Ongoing Results Case Study for COPD Patients Treated by the Lung Institute | Jack Coleman Jr., M.D.
Today more than 600 million people suffer from chronic obstructive pulmonary disease (COPD) worldwide. Although there is no cure for COPD, recent advancements in stem cell therapy have made it possible not only to relieve symptoms, but to promote healing within the lungs themselves.
After testing 349 patients, the Lung Institute has discovered that within three months of treatment, 84.5 percent of patients found their quality of life had improved. Among other promising statistics this discovery could change lives significantly.
Introduction by the Lung Institute:
The Problem with Chronic Pulmonary Diseases
Chronic Obstructive Pulmonary Disease (COPD) is a progressive lung disorder that occurs as a result of prolonged cigarette smoking, second-hand smoke and polluted air or working conditions. COPD is the most prevalent form of chronic lung disease. The physiological symptoms of COPD include shortness of breath (dyspnea), cough and sputum production, exercise intolerance and reduced Quality of Life (QOL). These signs and symptoms are brought about by chronic inflammation of the airways, which restricts breathing. When fibrotic tissues contract, the lumen is narrowed, compromising lung function. As histological studies confirm, airway fibrosis and luminal narrowing are major features that lead to airflow limitation in COPD1-3.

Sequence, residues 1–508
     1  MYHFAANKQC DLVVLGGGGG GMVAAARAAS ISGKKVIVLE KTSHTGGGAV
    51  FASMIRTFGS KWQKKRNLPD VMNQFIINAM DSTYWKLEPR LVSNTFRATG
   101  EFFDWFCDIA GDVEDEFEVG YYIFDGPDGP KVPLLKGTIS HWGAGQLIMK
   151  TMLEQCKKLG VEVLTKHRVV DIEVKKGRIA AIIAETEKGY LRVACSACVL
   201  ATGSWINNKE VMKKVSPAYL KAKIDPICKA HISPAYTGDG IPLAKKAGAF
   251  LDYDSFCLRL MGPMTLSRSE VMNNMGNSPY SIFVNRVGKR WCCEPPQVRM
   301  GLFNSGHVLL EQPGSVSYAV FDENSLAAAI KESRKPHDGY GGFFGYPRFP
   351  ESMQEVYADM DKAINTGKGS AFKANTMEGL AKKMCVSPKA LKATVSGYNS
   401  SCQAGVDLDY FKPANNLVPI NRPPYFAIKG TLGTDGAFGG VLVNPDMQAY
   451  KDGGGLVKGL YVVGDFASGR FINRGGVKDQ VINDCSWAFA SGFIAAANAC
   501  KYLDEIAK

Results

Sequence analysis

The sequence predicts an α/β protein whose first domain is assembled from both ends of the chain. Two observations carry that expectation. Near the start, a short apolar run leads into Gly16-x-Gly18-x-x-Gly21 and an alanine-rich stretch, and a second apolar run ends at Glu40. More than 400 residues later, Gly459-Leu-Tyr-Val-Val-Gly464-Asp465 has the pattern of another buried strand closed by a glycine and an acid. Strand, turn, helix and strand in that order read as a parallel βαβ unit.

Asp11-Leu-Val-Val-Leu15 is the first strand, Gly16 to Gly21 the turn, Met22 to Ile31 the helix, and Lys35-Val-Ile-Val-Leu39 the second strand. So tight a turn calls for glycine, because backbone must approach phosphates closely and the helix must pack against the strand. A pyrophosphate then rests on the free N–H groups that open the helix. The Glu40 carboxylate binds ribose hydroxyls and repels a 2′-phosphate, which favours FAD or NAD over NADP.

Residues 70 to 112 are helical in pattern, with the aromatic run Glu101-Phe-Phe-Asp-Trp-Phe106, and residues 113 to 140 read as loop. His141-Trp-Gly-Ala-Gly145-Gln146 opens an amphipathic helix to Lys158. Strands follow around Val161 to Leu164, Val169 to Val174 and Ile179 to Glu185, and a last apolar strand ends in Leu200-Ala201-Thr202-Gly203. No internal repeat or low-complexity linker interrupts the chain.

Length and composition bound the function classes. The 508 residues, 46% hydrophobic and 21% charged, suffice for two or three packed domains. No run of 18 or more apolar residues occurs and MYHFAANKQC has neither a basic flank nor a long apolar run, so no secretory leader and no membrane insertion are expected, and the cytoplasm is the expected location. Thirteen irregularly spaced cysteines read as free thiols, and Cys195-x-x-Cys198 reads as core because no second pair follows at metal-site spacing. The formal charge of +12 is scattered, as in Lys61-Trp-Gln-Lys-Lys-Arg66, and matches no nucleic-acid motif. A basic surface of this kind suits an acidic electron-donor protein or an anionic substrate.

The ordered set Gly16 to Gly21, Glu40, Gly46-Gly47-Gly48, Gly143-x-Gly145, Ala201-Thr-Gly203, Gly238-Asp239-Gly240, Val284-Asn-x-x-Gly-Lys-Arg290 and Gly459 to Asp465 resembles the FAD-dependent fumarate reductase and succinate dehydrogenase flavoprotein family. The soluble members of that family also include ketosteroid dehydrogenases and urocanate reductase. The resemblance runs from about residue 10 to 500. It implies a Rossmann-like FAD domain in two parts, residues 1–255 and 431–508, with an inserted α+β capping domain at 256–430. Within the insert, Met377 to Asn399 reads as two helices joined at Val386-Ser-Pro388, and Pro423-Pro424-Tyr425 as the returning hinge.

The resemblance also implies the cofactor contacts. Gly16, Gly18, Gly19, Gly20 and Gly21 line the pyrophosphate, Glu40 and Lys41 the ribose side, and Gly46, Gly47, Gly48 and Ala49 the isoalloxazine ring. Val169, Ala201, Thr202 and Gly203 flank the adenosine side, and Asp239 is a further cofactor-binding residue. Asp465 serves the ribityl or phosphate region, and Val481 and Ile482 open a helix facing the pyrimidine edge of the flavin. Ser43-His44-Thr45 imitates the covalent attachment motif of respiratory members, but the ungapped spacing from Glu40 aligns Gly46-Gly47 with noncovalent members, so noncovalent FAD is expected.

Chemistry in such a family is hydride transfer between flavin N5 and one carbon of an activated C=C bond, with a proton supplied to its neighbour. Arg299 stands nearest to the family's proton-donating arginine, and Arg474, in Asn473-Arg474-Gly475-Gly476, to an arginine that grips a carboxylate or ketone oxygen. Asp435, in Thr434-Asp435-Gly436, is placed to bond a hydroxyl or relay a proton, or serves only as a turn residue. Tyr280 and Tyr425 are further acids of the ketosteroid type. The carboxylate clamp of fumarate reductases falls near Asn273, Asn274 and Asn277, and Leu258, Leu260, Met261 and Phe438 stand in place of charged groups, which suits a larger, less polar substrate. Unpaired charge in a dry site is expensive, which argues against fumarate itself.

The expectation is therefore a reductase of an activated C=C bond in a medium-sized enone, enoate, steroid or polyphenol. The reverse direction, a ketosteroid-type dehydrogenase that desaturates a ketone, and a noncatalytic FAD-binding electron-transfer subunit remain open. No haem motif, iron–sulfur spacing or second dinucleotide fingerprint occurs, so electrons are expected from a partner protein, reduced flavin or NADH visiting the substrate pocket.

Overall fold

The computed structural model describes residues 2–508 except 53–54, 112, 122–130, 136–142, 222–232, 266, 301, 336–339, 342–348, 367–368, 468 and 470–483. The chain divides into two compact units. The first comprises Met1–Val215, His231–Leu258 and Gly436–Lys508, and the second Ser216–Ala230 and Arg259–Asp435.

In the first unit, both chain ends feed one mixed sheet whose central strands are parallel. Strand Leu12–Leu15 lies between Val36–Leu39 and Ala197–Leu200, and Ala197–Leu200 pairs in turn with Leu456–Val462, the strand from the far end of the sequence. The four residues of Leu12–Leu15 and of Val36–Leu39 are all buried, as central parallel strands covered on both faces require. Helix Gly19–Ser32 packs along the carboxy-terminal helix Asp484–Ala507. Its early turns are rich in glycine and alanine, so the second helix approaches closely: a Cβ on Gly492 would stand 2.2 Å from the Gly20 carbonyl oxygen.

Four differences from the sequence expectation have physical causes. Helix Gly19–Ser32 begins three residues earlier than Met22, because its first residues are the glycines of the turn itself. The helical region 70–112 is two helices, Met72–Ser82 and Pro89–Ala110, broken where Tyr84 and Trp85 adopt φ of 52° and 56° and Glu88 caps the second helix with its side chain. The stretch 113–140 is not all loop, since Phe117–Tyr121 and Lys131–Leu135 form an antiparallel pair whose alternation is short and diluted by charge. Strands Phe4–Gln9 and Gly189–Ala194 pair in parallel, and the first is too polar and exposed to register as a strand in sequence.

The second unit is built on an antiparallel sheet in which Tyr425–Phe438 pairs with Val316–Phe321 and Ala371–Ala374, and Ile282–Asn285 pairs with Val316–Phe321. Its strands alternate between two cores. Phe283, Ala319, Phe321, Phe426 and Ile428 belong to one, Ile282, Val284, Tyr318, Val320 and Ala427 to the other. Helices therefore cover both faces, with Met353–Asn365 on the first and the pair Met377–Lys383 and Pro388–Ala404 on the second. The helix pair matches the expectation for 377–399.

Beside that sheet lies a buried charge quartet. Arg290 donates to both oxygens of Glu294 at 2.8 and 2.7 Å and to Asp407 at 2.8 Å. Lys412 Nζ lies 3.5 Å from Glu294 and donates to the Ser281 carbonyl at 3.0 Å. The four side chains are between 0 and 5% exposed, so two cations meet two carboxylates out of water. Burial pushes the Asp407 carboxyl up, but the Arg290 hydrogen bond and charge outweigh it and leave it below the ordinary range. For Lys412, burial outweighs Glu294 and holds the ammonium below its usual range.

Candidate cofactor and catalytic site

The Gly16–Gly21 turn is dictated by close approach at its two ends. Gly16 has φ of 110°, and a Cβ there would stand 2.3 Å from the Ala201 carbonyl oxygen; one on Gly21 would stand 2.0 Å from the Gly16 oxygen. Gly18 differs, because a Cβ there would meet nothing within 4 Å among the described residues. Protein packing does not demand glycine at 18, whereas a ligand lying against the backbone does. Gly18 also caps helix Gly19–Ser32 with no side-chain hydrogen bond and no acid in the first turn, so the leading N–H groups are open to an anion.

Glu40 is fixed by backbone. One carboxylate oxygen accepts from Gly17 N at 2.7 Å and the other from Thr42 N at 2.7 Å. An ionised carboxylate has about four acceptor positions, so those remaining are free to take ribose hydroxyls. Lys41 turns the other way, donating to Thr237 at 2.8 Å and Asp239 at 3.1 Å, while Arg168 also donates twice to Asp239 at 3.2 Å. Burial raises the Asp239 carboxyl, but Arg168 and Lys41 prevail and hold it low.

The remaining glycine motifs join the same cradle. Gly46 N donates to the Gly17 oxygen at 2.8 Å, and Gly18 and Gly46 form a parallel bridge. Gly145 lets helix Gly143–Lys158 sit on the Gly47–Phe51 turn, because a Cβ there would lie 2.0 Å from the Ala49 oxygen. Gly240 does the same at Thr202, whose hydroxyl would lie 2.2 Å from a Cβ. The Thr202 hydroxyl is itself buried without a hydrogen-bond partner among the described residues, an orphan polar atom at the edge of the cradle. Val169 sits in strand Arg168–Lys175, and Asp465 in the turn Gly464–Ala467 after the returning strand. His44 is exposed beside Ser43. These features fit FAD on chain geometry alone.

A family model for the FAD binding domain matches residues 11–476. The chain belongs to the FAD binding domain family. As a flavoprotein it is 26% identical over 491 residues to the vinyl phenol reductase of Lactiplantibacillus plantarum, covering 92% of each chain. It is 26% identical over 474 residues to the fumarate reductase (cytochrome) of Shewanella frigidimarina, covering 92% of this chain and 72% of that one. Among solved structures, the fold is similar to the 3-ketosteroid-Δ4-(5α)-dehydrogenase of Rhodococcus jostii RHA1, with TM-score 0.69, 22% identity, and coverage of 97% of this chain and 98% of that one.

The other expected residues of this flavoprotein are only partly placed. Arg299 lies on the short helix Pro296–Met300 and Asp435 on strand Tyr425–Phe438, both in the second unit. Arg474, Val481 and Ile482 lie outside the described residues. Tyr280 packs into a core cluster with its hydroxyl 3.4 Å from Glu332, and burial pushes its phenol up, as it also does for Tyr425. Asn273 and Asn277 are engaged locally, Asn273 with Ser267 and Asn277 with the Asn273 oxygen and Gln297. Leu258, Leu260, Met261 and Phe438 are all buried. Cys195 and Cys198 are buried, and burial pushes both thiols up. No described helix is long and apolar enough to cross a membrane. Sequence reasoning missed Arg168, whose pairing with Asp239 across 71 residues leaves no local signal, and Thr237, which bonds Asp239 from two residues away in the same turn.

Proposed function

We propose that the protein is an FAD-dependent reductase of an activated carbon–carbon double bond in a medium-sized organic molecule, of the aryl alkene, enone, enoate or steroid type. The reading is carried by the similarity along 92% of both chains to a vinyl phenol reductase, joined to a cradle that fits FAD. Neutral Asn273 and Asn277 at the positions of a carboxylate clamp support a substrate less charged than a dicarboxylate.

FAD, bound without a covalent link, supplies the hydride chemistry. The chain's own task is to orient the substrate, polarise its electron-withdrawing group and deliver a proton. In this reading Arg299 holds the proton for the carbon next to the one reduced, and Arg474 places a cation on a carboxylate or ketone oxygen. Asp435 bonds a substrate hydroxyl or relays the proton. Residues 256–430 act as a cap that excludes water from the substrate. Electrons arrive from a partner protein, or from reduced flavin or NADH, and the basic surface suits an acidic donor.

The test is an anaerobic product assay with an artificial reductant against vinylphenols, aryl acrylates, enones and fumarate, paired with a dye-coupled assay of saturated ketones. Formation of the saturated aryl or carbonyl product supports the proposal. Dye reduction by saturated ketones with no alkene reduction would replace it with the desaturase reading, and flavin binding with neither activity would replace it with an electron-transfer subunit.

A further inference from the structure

Today, COPD is a serious global health issue, with a prevalence of 9-10% of adults aged 40 and older4. And the prevalence of the disease is only expected to rise. Currently COPD accounts for 27% of tobacco related deaths and is anticipated to become the fourth leading cause of death worldwide by 20305. Today, COPD affects approximately 600 million individuals–roughly 5% of the world’s population6. Despite modern medicine and technological advancements, there is no known cure for COPD.
The difficulty in treating COPD and other lung diseases rests in the trouble of stimulating alveolar wall formation15. Until recently treatment has been limited by two things: a lack of understanding of the pathophysiology of these disease processes on a molecular level and a lack of pharmaceutical development that would affect these molecular mechanisms. This results in treatment focused primarily in addressing the symptoms of the disease rather than healing or slowing the progression itself.
The result is that there are few options available outside of bronchodilators and corticosteroids15. Although lung transplants are performed as an alternative option, there is currently a severe shortage of donor lungs, leaving many patients to die on waiting lists prior to transplantation. Lung transplantation is also a very invasive form of treatment, commonly offering poor results, a poor quality of life with a 5-year mortality rate of approximately 50%, and a litany of health problems associated with lifelong immunosuppression13.